James Harrington succeeded to one moiety of the Balderston estates after the death of his parents, but in 1487 he was attainted of treason by Act of Parliament, when this moiety escheated to the Crown and was given two years later to Thomas Stanley first Earl of Derby. (fn. 48) It would appear that some sort of friendship must have grown up afterwards between the earl and Harrington, for in 1496 Dame Joan Pilkington and the earl, as joint possessors of the Balderston estates, presented Harrington to the church of Badsworth. (fn. 49) In 1503 he petitioned Parliament to reverse the attainder and obtained the king's letters patent of pardon. (fn. 50) Subsequently he lodged a complaint in the Duchy Chamber against the Earl of Derby, who appears to have obtained the other moiety of the estates after Joan Pilkington's death in 1498. Commissioners were appointed to examine his case and gave an award in his favour, so that he recovered the moiety to which he was entitled under his aunt's will. (fn. 51) He seems to have made an attempt to obtain possession of the other moiety, notwithstanding a clause in the Act of reversal of his attainder that the Earl of Derby's possession of half the Balderston estates should not be thereby prejudiced, by a pretended sale to his kinsman Edmund Dudley, esq. (fn. 52) However that may have been, the attempt was unsuccessful, as in any case it must have been, for Dudley was attainted of treason 25 July 1509 and executed 17 August 1510. (fn. 53)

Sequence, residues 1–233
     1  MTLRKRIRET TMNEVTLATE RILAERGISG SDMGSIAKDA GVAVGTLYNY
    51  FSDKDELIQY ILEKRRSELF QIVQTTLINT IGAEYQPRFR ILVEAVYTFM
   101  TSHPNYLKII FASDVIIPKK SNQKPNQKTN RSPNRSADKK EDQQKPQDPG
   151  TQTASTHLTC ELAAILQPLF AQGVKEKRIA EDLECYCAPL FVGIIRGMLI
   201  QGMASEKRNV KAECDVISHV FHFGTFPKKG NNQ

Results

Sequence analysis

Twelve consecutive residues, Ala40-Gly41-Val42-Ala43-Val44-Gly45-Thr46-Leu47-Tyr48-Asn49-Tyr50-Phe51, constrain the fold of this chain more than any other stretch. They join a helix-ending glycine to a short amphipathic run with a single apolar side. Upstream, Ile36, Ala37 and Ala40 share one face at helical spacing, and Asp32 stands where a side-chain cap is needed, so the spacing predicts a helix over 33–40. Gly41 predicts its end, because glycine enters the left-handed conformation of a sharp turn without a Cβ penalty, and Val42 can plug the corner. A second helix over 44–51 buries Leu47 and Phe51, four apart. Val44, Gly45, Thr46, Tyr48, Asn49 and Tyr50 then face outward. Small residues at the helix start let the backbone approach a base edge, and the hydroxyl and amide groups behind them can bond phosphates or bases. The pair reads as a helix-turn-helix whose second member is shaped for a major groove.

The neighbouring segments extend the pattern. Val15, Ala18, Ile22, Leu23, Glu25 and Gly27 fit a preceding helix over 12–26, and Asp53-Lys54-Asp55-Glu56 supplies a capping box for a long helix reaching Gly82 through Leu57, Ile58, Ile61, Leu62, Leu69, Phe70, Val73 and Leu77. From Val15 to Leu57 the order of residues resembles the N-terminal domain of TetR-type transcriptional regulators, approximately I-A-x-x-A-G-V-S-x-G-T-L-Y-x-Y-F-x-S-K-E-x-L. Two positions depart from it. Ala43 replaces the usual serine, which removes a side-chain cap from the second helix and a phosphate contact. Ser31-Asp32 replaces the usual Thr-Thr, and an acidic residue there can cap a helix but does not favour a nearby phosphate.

After the death of James Harrington in 1512 (fn. 54) the manor descended with the other estates of the Earl of Derby, of Radcliffe of Winmarleigh and of Osbaldeston of Osbaldeston. (fn. 55) William Radcliffe died in 1561 without male issue, whereupon his portion of the Balderston estates descended to his sister of the half-blood Anne, who married Sir Gilbert Gerard, master of the Rolls. In 1565 a partition of the whole Balderston estate was made between Edward Earl of Derby, Gilbert Gerard, esq., and John Osbaldeston, by which this manor was divided equally between the two last-named. (fn. 56) By fine in 1596 Sir Thomas Gerard, kt., and Anne his mother passed the manor and various lands and tenements here to William Greenvile, gent., with a view to a sale. (fn. 57) Part of it with a free rent of 15d. per annum was acquired before 1598 by John Braddyll of Portfield, esq., who died in 1616 holding a small estate here of Sir Edward Osbaldeston, kt. (fn. 58); other portions were acquired by the predecessors in title of Thomas Sallom and Robert Shaw, who respectively held here in 1650 small estates which paid wapentake rents of 6d. and 3d. respectively. (fn. 59) As regards therefore this half of the manor, it descended with other members of the Braddyll estate. The other moiety of the manor was held by the Osbaldeston family together with the mesne lordship of the manor.